By Attorney Melba Pearson
Special to THELAW.TV
The last two weeks have brought the issues of hate and ignorance to the forefront of the media, as well as the American consciousness. The tragedy in Overland Park, Kansas, the racist rants of a Nevada rancher, and the video of the L.A. Clippers’ owner have created debate, shock, and dismay among those watching.
Starting in Kansas, three people lost their lives because of homegrown hate. Frazier Glenn Cross, a lifelong white supremacist, killed 14-year-old Reat Underwood, his grandfather William Corporon, and Terri LaManno. Their deaths were purely because Cross believed they were of the Jewish faith. And if there was any doubt about his intentions, he screamed “Heil Hitler”‘ from the back of the police car at the time of his arrest. Cross now faces the death penalty for his actions. The tragedy in Overland Park is a reminder that homegrown hate groups still exist. While the Ku Klux Klan does not burn crosses and walk down Main Street as they did in the 1950?s, the KKK still exists, along with smaller, less known hate groups that operate throughout America.
The next troubling story emerged when Nevada rancher Cliven Bundy, who was embroiled in a dispute with the federal government regarding the ability to graze his cattle on federal land, went on a highly publicized rant about whether or not African Americans were better off during the days of slavery.
The initial issue stemmed from the doctrine of “open range,” where cattle were allowed to graze in any open area as long as they were branded. After the federal government purchased land across the country, ranchers were then charged for letting their cattle graze in areas that were previously free. Bundy was one of those ranchers. As a result, Bundy owed the federal government more than $1 million dollars from his refusal to pay the grazing bills that were sent to him over the course of the last twenty years.
At first, Bundy’s plight was supported by conservative Republicans who felt that the federal government was unjustly persecuting this rancher. Now, as a result of his rant and subsequent statements, previous supporters such as Senators Rand Paul and Dean Heller have run for cover, no longer speaking in support of his cause.
Lastly, L.A. Clippers’ owner Donald Sterling is alleged to be the speaker in a taped rant directed at his girlfriend, who is of Mexican and African American descent. It was purportedly triggered by her photo on Instagram with NBA legend Magic Johnson. Some of Sterling’s comments included that he did not want to think about her African heritage, and that she should not be embarrassing him by associating with African Americans. Sterling demanded that she not bring African Americans to Clippers games.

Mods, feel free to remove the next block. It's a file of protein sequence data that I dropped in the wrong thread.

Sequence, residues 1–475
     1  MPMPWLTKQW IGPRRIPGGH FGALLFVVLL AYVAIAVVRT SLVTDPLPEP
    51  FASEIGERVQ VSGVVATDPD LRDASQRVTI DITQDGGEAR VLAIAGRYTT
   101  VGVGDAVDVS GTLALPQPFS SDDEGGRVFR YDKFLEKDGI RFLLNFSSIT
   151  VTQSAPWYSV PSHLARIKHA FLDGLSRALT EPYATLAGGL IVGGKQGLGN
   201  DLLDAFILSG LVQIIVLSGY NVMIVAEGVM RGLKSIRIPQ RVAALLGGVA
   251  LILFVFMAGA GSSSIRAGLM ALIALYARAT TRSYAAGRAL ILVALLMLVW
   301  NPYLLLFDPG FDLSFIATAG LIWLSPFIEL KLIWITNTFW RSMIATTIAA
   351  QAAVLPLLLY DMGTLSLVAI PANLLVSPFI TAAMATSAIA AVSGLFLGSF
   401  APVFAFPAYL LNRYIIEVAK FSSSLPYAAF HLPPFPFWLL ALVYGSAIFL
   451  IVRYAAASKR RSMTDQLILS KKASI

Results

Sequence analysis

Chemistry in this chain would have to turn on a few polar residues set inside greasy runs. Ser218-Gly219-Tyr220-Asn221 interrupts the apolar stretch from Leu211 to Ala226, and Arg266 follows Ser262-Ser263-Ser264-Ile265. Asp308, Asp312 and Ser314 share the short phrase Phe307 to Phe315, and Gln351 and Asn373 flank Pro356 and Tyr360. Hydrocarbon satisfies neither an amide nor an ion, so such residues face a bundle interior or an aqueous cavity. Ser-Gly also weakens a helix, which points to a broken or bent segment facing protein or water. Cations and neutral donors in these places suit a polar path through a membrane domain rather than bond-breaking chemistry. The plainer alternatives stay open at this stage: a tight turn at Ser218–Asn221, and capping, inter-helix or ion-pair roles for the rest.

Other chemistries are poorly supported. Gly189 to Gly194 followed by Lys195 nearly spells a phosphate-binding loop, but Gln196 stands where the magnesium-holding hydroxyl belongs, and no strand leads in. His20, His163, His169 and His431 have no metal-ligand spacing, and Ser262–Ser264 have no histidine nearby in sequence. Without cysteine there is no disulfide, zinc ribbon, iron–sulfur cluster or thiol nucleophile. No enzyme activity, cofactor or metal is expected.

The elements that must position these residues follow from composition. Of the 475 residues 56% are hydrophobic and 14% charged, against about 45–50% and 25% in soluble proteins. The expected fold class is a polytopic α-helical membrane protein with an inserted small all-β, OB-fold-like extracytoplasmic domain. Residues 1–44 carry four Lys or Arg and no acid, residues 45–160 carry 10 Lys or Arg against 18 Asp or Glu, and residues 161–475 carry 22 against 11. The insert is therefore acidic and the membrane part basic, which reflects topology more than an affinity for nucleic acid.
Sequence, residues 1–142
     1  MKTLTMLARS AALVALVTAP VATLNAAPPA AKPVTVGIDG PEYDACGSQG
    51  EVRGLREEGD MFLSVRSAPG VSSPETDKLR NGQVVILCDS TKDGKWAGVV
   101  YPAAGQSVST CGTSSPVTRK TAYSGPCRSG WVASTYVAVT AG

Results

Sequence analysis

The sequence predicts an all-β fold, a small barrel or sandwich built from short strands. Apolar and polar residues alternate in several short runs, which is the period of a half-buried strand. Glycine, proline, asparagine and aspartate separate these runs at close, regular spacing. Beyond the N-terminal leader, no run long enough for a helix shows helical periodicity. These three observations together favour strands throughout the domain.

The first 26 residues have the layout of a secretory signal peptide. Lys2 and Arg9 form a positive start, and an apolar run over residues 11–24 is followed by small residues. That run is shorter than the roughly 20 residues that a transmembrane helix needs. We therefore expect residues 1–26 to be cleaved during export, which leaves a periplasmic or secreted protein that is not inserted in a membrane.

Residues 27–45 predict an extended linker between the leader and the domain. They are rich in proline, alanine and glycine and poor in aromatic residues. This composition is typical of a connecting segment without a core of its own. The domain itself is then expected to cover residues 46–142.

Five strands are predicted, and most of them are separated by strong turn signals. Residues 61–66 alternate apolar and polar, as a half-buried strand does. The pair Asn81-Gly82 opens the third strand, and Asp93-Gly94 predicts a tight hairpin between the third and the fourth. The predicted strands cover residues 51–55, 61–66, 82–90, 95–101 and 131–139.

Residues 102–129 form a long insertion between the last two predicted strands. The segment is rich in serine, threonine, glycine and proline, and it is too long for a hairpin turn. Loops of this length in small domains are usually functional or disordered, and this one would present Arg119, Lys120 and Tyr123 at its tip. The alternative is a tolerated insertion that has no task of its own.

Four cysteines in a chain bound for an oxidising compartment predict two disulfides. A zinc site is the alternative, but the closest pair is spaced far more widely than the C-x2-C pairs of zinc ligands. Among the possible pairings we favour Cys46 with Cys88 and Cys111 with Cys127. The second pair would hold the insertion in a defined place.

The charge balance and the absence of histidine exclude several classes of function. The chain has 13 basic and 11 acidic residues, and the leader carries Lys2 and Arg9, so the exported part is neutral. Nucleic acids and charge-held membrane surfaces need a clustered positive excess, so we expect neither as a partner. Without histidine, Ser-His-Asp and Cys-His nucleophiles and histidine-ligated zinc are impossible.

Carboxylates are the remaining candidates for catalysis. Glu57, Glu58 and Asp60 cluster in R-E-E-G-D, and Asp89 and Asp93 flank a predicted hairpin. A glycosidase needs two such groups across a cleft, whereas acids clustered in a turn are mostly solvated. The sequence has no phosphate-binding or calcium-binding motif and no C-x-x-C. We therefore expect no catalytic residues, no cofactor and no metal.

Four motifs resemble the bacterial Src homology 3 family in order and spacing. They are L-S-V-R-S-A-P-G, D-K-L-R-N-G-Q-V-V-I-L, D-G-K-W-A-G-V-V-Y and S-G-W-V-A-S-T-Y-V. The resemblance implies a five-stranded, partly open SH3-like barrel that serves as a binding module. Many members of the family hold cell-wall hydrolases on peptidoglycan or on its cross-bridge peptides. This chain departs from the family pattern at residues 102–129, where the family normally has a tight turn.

The NBA stated that an investigation has begun. Clearly, the accuracy of the tape needs to be verified. It has also come to light that Sterling was a defendant in a housing discrimination lawsuit brought by the Justice Department for discriminatory rental practices against African Americans, as well as other racial groups, in the buildings he owned. Sterling settled the lawsuit out of court.
While many may view this as a private matter, the issue remains that Sterling is the president of an organization that employs a large number of African Americans. The bigger question is that if these are truly his beliefs, what type of work environment did he create? Not only is he facing potential sanctions by the NBA, he may face lawsuits for creating a hostile work environment if it can be shown that he harassed players of color.
As Americans, we celebrate the freedom of speech. However with freedom comes great responsibility. Freedom of speech does not equal freedom from consequences. All Americans need to band together to root out hate and promote understanding.
As the great Dr. Martin Luther King Jr. stated (who later was a victim of hate motivated violence), injustice anywhere is a threat to justice everywhere.
The author, Melba Pearson, is an attorney in Florida. Follow her on Twitter @ResLegalDiva.
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